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I had someone recently ask me why I don't work with animals professionally, since I'm obviously so crazy about them. My reply is that so many animals have people problems. I would find it soul-draining to deal with a stream of clients wondering why their terrier is excavating the backyard and killing baby bunnies. Um, maybe because you have three kids under the age of 5, you put the dog in the yard unsupervised, and it's a terrier?
 

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cowpony yes it is often harder to deal with the people than the dogs. My current new dog is a nice dog with a very nice but soft hearted owner who doesn't have clear criteria for him. She truly wants him to improve the three things (poor recall, barking the fence line and getting into the car) and I have no doubt that she will do the homework I give her and that there will be success, but I've also had people come to novice classes and never work the dog between the lessons. I've also had people hire me to work with their dogs in their home and start by telling me one or two things they needed help with when it turned out to be much more complex than I was originally led to believe and as soon as they decided they understood my techniques they dropped working with me in a really inconsiderate way by cancelling one day last minute after I was already on the road to their home (about 30 minutes drive), didn't pay for that session and then never called me again.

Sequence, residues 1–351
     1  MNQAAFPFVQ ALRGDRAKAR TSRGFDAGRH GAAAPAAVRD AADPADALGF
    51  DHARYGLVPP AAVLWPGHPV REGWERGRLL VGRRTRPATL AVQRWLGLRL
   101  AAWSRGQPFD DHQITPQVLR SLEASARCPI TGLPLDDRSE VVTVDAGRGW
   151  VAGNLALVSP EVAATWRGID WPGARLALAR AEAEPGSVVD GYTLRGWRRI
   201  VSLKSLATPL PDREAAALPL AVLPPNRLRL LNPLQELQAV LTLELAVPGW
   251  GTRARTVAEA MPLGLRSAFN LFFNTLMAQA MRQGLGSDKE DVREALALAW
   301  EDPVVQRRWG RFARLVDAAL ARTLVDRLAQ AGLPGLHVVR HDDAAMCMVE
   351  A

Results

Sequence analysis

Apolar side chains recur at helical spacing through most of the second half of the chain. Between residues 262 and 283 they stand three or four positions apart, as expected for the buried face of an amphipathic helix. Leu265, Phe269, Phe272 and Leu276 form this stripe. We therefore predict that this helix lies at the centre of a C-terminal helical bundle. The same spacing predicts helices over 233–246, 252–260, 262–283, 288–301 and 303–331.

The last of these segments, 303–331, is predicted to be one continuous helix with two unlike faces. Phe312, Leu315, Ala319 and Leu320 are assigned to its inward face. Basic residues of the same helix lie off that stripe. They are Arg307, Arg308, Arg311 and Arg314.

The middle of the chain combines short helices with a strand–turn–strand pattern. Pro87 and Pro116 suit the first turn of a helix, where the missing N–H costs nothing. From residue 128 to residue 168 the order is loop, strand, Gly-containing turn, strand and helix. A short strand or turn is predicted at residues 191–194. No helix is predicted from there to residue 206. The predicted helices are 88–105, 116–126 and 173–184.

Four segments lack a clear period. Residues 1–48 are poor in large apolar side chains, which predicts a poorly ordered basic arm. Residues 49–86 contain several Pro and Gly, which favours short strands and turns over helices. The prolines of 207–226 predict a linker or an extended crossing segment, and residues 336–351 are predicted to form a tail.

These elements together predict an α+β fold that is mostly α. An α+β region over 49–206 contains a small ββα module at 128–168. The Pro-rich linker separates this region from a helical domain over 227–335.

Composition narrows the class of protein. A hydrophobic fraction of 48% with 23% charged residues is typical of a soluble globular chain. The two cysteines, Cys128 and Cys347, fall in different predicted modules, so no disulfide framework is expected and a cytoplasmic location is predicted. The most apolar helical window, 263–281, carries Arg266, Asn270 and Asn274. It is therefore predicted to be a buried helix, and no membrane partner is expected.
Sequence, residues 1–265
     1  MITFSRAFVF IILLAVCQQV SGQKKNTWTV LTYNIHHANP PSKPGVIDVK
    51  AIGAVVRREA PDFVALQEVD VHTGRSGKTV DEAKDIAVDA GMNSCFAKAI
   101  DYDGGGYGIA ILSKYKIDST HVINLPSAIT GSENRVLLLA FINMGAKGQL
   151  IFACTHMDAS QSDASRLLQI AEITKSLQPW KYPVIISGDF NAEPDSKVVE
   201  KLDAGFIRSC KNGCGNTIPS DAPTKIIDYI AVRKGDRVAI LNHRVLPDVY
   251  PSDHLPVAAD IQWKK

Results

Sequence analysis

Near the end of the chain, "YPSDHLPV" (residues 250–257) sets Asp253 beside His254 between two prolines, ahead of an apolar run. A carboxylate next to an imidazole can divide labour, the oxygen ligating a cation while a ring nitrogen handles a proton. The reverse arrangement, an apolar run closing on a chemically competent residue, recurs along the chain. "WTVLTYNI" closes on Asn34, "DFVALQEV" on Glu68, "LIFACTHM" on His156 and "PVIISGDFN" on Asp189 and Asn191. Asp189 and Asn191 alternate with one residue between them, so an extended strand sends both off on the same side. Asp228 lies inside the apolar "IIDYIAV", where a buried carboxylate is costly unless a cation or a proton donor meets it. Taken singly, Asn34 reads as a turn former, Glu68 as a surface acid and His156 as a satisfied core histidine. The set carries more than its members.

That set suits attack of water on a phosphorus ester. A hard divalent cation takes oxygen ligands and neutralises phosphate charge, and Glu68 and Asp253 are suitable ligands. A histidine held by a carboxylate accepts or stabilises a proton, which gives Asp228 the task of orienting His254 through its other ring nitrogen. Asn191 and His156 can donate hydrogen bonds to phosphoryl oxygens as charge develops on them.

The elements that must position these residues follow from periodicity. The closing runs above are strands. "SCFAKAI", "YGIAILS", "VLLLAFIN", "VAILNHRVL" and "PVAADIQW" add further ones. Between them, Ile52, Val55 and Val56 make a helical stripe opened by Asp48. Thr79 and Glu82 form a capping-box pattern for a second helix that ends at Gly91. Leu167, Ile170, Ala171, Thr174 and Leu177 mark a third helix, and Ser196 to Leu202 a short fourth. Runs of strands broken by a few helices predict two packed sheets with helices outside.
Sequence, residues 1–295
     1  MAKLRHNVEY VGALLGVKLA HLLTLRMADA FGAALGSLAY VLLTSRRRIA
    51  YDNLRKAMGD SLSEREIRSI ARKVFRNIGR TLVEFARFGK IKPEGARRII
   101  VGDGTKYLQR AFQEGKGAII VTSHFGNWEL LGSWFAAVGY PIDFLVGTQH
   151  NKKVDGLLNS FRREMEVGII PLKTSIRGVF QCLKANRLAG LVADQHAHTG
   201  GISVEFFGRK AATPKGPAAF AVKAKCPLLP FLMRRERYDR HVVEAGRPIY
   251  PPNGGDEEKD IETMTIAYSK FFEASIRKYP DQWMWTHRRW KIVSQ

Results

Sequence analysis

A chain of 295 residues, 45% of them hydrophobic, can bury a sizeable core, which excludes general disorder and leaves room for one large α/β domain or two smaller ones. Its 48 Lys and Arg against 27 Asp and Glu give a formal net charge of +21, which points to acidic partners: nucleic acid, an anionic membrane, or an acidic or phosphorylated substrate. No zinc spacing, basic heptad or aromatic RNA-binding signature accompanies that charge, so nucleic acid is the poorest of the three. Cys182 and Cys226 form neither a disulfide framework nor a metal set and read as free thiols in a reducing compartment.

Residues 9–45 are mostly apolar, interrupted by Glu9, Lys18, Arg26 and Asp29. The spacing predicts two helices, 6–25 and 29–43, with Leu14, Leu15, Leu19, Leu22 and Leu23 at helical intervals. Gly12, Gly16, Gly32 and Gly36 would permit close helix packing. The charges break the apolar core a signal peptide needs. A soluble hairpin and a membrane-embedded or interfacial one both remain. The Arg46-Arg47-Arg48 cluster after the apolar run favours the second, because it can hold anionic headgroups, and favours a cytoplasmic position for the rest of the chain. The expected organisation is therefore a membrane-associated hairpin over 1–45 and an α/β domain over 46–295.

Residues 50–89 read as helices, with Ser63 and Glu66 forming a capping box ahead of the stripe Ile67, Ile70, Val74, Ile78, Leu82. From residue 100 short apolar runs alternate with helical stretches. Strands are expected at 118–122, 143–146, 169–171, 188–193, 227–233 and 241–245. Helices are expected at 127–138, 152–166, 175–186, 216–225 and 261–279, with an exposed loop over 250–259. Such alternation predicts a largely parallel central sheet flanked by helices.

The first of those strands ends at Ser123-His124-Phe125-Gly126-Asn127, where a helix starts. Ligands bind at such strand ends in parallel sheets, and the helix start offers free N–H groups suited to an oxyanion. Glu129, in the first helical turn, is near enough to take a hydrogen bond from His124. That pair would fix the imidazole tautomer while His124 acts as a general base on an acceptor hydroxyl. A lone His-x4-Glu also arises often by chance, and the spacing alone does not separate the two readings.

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Discussion Starter #8
Thank you, peeps, for chiming in. I was getting ahead of myself. I don't even have the money to do this right now and I'm about to start school in the winter and I don't have a dog. I could still work when I start school, but I have heard that if you really don't have to, you shouldn't. I might want to look into this again after I'm working as an occupational therapist and have the money. I did think about becoming a vet tech, but OT pays more.
 

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Yes, focus on your current and main educational goal right now. One of the biggest concerns I have with my students is that they spread themselves too thin. It seems like education always suffers.
 
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I wonder if you could use your cats to add to your training resume while you are in school...? DMWYD offers Trick "Dog" titles to cats and other animals. It's all online, and the title certificates aren't very expensive.

Our cat used to be trained to sit, down, come, and give a paw on command... I suspect with a clicker it would be easy enough to train a novice trick title. I certainly would be impressed if someone applied for a dog training job, or was a dog trainer, and listed the titles that their cats had. Plus it would be great for practicing your timing and getting creative. I think if you can train cats, you can train anything.
 

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You're getting good advice above, Fenris, and it sounds like you recognized your limits. Best to focus on your OT schooling and knock that out of the park. We're rooting for you!